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Iran 'receiving Russian missile system'

BBC News BBC News 11/04/2016
S-300 missile launch - Dec 13 file pic © AFP S-300 missile launch - Dec 13 file pic

Russia is reported to have started delivering S-300 surface-to-air missiles to Iran, under a deal opposed by Israel, the US and Saudi Arabia.

An S-300 PMU-1 anti-aircraft missile launches during a Greek army military exercise near Chania on the island of Crete on December 13, 2013: The missiles can shoot down jets and other missiles hundreds of kilometres away © AFP The missiles can shoot down jets and other missiles hundreds of kilometres away

Iran's foreign ministry spokesman Hossein Jaberi-Ansari said "the first stage of the contract has been implemented".

It is not yet clear how many missiles may have been delivered.

The controversial contract got the go-ahead after international sanctions on Iran were lifted last year.

The diplomatic breakthrough involved a deal over Iran's atomic programme, imposing new international safeguards aimed at preventing Iran from developing nuclear weapons.

Iran has insisted its nuclear programme is for purely peaceful purposes and denies seeking to build a nuclear bomb.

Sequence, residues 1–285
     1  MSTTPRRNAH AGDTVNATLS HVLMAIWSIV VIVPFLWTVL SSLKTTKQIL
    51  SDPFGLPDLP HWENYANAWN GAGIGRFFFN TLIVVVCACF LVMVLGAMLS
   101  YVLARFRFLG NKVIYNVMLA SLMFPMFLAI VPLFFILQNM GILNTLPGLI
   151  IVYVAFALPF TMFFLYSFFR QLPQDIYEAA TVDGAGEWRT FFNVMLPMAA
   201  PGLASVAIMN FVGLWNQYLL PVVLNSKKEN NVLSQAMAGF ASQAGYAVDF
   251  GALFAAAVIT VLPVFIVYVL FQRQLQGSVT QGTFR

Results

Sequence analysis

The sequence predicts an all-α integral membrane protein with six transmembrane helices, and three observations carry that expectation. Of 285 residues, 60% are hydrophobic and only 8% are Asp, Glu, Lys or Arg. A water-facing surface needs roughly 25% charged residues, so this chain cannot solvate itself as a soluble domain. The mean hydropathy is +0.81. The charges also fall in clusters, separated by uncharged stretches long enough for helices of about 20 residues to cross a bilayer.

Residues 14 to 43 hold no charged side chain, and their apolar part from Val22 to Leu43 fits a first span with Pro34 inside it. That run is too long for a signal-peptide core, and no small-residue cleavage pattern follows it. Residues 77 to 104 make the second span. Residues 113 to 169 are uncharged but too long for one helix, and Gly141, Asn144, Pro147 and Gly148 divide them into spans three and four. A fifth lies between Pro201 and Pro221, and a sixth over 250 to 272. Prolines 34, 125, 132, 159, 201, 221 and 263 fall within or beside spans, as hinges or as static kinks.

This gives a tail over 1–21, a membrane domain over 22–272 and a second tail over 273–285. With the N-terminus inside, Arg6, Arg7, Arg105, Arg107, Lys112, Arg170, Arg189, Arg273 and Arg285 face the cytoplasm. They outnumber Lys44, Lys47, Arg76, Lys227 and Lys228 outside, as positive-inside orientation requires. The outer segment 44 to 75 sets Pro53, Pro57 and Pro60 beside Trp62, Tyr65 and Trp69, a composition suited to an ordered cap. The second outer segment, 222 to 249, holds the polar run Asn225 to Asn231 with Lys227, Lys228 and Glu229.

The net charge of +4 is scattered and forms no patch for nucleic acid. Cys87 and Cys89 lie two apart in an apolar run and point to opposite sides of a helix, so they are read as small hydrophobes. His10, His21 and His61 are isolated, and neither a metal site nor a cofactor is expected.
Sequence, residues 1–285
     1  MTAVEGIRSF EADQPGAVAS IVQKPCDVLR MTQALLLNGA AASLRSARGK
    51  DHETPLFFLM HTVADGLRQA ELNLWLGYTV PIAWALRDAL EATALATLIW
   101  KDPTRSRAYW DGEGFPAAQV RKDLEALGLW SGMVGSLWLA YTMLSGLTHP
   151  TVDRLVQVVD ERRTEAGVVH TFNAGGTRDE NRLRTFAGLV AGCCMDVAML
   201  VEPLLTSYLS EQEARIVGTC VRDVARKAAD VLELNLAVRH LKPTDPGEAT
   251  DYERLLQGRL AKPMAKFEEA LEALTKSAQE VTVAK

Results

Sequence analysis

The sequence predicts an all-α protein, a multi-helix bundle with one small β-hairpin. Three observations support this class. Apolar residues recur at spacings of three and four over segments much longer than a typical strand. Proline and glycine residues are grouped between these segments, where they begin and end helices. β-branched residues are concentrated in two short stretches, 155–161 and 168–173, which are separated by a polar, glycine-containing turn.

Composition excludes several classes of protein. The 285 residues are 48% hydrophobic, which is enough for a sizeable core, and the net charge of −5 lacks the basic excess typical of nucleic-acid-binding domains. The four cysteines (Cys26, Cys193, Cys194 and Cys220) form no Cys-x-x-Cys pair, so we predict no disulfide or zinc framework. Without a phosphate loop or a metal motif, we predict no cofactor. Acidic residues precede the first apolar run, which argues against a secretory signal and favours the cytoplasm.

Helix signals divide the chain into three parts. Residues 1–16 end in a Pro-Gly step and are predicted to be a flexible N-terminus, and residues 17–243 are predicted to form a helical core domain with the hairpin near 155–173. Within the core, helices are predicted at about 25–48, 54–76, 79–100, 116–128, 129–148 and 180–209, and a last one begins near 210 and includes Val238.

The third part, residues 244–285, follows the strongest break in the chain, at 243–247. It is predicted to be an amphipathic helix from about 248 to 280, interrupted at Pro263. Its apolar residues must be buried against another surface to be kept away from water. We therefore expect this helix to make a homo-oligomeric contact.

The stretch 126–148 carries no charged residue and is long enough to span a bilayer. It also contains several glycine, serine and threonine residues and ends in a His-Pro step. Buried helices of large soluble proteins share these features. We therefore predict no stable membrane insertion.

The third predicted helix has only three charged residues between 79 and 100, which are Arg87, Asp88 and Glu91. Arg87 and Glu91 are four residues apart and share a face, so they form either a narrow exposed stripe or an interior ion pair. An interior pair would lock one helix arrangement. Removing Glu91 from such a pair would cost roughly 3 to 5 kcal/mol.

Profile: Russia's S-300 missile system

The $800m (£562m) contract, signed in 2007, was frozen by Russia in 2010 because of the international sanctions. President Vladimir Putin unfroze it a year ago.

Israel and the US fear the missiles could be used to protect Iranian nuclear sites from air strikes.

The S-300, made by Rostec, can be used against multiple targets including jets, or to shoot down other missiles.

The S-300V4 variant, delivered to the Russian armed forces in 2014, can shoot down any medium-range missile in the world today, flies at five times the speed of sound and has a range of 400km (249 miles), Russia's Tass news agency reports.

Rostec chief Sergei Chemezov had told the Wall Street Journal last month that delivery of the system to Iran was expected at the end of this year.

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